if we trust God enough to entrust family and friends into his care. Today we
are being challenged to trust in God’s abundant care, to know that when we
leave our family with him, he is more than able.
To be clear this is not a promise that the current crisis will somehow miraculously vanish, whether that crisis is Covid-19, family hardships, grief, illness or persecution. It is a promise that through the crisis of life God’s care is more than enough.
Why not use this video to reflect on our trust and faith in an abundant God.
Prayer Heavenly Father we thank you for your
incredible, abundant care for your people. We thank you that for you to be our
shepherd means that you watch over us, always. Father teach us to trust in your
care, to rest in how you are always watching over us. Amen
You prepare a table before me in the presence of my enemies.
There is a Christian film called God’s not dead. It is the story of how a university lecturer who is an atheist and a Christian student interact with one another. In the film a pastor receives a visit from an African colleague who reminds him of this saying.
God is good all the time, all the time God is good.
This is what the Psalmist is reminding us of as he declares you prepare a table before me in the presence of my enemies. During the battle, when war is raging all around us, when we are distancing ourselves from one another to stop the spread of infection, when we worry about loved ones who cannot get home. God is good all the time, all the time God is good. The question we are faced with when confronted with this part of Psalm 23, is will we trust God enough to sit down and eat at the table he has prepared, will we commit loved ones, worrying situations and fear of infection into God’s hands believing he will prepare a table for them just as much as he does for us? This is a much shorter reflection, because it really does require time and space for us to think. Will we trust God and so eat of the table or will we miss out on the table because we won’t trust God? God is good all the time, all the time God is good.
Prayer Father forgive our arrogance when we believe we have a better understanding of what needs to be done than you. Teach us through the worry and anxiety of these days to trust you not just with our salvation, but with our loved ones. Elderly relatives we can no longer visit, son’s and daughters who can’t come to us. Lord, into your hands we commit their well-being, at your table we take rest from worry. In Jesus name, amen.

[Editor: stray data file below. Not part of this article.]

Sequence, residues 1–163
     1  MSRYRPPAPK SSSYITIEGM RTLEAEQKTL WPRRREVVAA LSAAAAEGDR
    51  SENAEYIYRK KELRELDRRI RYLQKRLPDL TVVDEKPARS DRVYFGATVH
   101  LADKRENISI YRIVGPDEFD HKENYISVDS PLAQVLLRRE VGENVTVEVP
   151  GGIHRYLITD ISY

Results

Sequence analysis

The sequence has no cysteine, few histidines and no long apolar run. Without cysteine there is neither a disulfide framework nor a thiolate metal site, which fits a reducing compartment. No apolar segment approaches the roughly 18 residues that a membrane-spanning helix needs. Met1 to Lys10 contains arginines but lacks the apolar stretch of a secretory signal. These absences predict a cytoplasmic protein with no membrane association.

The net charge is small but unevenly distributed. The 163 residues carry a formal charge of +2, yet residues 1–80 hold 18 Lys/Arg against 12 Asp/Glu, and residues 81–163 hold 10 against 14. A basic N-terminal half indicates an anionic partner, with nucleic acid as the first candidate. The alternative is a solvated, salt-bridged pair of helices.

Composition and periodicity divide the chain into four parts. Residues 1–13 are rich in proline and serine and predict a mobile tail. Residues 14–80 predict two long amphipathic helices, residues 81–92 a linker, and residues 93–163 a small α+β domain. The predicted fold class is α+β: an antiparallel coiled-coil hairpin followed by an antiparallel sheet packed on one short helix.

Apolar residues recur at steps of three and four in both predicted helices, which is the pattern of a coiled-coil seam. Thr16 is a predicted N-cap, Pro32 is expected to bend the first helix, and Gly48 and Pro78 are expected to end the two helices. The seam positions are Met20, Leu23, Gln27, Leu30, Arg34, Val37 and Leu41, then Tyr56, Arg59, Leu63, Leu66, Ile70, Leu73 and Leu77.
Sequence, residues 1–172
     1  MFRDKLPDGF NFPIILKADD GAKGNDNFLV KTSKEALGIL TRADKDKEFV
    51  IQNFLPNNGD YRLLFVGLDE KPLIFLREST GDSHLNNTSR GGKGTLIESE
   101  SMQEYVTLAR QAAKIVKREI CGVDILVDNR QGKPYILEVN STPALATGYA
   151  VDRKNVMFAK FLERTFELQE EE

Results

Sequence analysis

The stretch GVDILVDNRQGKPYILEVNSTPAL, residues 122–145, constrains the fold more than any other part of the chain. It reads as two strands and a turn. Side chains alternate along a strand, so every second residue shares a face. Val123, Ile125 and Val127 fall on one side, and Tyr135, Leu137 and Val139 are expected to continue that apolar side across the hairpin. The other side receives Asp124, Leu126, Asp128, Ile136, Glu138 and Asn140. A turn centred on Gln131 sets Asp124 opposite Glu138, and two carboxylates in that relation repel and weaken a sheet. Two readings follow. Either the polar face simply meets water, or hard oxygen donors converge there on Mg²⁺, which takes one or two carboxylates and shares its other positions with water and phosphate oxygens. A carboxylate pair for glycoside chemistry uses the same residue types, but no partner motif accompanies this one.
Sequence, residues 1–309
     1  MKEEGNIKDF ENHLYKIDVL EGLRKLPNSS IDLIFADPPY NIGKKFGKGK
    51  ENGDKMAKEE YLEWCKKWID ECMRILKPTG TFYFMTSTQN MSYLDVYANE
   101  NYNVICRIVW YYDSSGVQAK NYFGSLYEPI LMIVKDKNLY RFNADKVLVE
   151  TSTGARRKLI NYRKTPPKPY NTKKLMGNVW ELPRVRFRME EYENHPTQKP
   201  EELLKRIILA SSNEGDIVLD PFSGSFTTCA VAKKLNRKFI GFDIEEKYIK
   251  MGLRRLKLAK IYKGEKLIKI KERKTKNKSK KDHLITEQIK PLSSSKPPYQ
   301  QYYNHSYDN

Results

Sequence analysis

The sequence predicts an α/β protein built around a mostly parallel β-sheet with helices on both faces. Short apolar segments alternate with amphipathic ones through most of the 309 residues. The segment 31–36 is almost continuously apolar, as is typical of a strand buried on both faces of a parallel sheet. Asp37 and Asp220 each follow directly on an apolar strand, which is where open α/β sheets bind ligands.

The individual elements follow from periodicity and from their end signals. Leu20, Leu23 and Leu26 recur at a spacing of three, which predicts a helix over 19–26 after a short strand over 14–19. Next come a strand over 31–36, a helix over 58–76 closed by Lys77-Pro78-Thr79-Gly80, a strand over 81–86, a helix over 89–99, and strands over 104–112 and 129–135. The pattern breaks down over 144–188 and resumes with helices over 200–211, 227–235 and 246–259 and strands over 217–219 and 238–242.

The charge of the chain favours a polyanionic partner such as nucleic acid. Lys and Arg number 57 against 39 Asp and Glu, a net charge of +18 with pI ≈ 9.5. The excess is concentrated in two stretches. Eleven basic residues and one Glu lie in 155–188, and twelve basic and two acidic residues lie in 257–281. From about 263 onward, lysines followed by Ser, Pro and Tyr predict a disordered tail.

4 Even though I walk through the darkest valley,[a] I will fear no evil, for you are with me; your rod and your staff, they comfort me.
Psalm 23: 4
What does it mean to fear no evil? Some would say evil
cannot touch us. But when we take time to consider this it makes no sense. If
evil cannot touch us then how was it the apostle Paul faced so many beatings,
shipwrecks and prison terms. Job was certainly deeply affected by evil when his
family and all he had were taken from him. Jesus suffered the evil of the cross.
Coronavirus has certainly been no respecter of religious
conviction or belief. Christian, Muslim, Buddhist, Atheist… all have been affected
alike. Another reason why it is important to heed the advice of social separation
and washing hands.
The palmist is not advocating evil will not touch us, he is stating he has no fear of evil, which is a very different thing. Next Sunday at our online church service at 12 noon we will be thinking about the man born blind in John 9. When Jesus was asked why he was born blind, if it was his sin or his parents, he answered by saying neither. The man’s blindness was to demonstrate God’s glory – which was shown in how he was healed.